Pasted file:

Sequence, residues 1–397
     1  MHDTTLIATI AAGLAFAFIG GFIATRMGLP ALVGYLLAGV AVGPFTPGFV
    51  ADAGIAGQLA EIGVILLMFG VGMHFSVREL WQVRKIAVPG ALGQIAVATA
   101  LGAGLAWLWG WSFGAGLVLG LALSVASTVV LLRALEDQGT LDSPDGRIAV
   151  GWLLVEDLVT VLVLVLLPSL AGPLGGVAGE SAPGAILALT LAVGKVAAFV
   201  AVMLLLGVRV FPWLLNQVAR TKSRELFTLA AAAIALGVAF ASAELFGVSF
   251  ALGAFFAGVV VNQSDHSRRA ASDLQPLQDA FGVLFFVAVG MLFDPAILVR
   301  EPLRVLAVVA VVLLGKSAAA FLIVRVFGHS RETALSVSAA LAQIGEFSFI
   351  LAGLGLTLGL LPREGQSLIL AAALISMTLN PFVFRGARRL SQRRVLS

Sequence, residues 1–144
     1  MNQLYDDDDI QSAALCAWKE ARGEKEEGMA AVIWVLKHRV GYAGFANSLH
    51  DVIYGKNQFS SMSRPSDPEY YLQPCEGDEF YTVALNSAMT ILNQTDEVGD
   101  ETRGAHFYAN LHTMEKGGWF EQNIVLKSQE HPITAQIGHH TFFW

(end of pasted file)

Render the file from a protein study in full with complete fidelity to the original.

Sequence, residues 1–397
     1  MHDTTLIATI AAGLAFAFIG GFIATRMGLP ALVGYLLAGV AVGPFTPGFV
    51  ADAGIAGQLA EIGVILLMFG VGMHFSVREL WQVRKIAVPG ALGQIAVATA
   101  LGAGLAWLWG WSFGAGLVLG LALSVASTVV LLRALEDQGT LDSPDGRIAV
   151  GWLLVEDLVT VLVLVLLPSL AGPLGGVAGE SAPGAILALT LAVGKVAAFV
   201  AVMLLLGVRV FPWLLNQVAR TKSRELFTLA AAAIALGVAF ASAELFGVSF
   251  ALGAFFAGVV VNQSDHSRRA ASDLQPLQDA FGVLFFVAVG MLFDPAILVR
   301  EPLRVLAVVA VVLLGKSAAA FLIVRVFGHS RETALSVSAA LAQIGEFSFI
   351  LAGLGLTLGL LPREGQSLIL AAALISMTLN PFVFRGARRL SQRRVLS

Sequence, residues 1–144
     1  MNQLYDDDDI QSAALCAWKE ARGEKEEGMA AVIWVLKHRV GYAGFANSLH
    51  DVIYGKNQFS SMSRPSDPEY YLQPCEGDEF YTVALNSAMT ILNQTDEVGD
   101  ETRGAHFYAN LHTMEKGGWF EQNIVLKSQE HPITAQIGHH TFFW